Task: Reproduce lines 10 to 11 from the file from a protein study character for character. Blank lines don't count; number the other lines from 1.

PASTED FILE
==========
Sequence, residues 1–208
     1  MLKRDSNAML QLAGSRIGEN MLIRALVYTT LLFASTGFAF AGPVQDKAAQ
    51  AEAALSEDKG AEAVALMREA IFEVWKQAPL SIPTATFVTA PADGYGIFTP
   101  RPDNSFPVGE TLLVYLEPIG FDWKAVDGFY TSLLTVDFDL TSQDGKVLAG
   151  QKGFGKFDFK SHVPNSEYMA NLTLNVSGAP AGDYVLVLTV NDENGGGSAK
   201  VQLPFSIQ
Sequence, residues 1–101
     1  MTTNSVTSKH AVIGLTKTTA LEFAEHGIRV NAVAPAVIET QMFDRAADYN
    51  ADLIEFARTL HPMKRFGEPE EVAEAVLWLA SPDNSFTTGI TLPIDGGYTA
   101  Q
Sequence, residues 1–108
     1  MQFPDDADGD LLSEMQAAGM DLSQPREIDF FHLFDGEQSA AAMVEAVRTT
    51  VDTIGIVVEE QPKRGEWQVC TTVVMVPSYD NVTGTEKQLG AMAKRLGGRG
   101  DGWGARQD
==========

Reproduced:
   101  Q
Sequence, residues 1–108